SA Life

Get CityMag in your inbox. Subscribe
October 18, 2017

Adelaide’s most under-rated bakery

It's a big call, but once we came across this suburban shop run by a former Magill Estate pastry chef, we knew it was one we were ready to make.

  1. 1
  2. 2
  3. 3
  4. 4
  5. 5
  6. 6
  7. 7
  8. 8
  9. 9
  • Words: Johnny von Einem
  • Pictures: Julian Cebo
  • Thanks: Jay Marinis

To say Australia – with its many culinary influences – has no single representative food item is, by and large, an accurate statement.

It is also a statement that ignores one quintessentially Australian experience: a meat pie doused in sauce, foraged from a local bakery.


Leabrook Bakehouse and Patisserie is located at Shop 4, 457 Glynburn Road, Leabrook and is open from 7:30am to 4:30pm Monday to Friday, and 7:30am to 2pm Saturday.

There is without doubt a pie shop in your suburb that you know intimately, and that has a very particular strength, be it the flakiness of pastry, chunkiness of meat, richness of gravy or generosity of sauce.

Such is the influence of the humble bakery in our own lives, CityMag even produced a very important City Pastry Guide back in 2015.

So it was with great astonishment that we were told of a suburban bakery being run by a former Magill Estate pastry chef, open for two months now, and met with absolutely no fanfare.

It was here, in Leabrook, we found Adelaide’s most under-rated bakery.

Leabrook Bakehouse and Patisserie combines characteristics rarely matched in suburban grab-and-go bakeries – French traditional pastry, a fine-dining level of attention to detail, all packaged in the familiar homely environment of a country bakehouse.

This is the culmination of all of Cheryse Zagler’s influences, in career and in life, and getting to this point has been an 11-year pilgrimage.

As a Barossa native, she started her apprenticeship at Carême Patisserie in Tanunda, and completed it at Mulots Patisserie on King William Road. There, she learned traditional French pastry, but once her apprenticeship was over, decided to move to Melbourne to learn modern techniques in a more diverse patisserie scene.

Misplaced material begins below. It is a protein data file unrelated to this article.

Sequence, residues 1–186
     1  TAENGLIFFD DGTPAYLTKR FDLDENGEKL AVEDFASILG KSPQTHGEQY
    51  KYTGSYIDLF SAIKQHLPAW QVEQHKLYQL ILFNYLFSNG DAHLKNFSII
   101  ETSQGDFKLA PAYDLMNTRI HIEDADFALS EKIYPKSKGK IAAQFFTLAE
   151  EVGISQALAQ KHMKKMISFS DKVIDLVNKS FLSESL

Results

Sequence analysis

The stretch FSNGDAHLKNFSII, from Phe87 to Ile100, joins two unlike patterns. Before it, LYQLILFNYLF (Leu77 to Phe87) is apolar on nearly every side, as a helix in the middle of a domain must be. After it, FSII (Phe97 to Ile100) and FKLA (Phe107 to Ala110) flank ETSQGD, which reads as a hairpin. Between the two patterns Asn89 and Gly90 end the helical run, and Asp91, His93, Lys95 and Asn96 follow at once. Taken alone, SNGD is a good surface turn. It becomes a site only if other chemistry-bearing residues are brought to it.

While in Melbourne, she worked in the kitchens of Burch and Purchese, Marmalade and Soul, and Heirs of Grace, before being drawn back to Adelaide two years ago, taking a job helping to start up Local Grind in Walkerville, then a co-head chef position at Public, before walking into a position at Magill Estate.

Cheryse Zagler

In the first bite of CityMag’s vegetable pasty, between every light and flaky layer of pastry, strewn throughout the grated vegetables, her entire career is evident.

And the same can be said of every bakery item in the store – nothing is outsourced.

Every croissant, the top and bottom of every pie, every loaf of bread and baguette, the tarts, doughnuts, cakes and quiches – everything is made by hand, in-store, to the satisfaction of her fine-dining sensibilities.

Despite her background, everything remains approachable; Cheryse’s meat pie makes as much sense on a plate with a side of relish as it does in a paper bag on your way back to work during your lunch break.

It’s this balanced sensibility that makes a Leabrook Bakehouse pastry different to any other.

“We use butter in every single thing. A lot of bakeries in SA don’t, unfortunately,” Cheryse says.

“If you’ve got good quality ingredients, and you’re making everything from traditional methods, I don’t think you can go wrong. We’re using Adelaide Hills beef, we dice it all ourselves, and it’s all made like mum does, you know?

“It’s home cooking. Our pasties are all grated veg, because that’s the way Nana used to do them, and I don’t want diced veg because everyone else does it.”

It’s no secret that running a bakery must be a labour of love – there is no other way to justify the 1am starts, but for Cheryse, the dream started in high school, and in running her own business, it has only now been fully realised.

“I wanted something that I could call me. Everything in here is just me,” she says.

“It’s very homely, I think. It’s clean cut, but it’s all very home-styled; that real country patisserie in suburbia. You can come in and get a croissant, you can get a baguette, but the kids can get a doughnut as well.”

Share —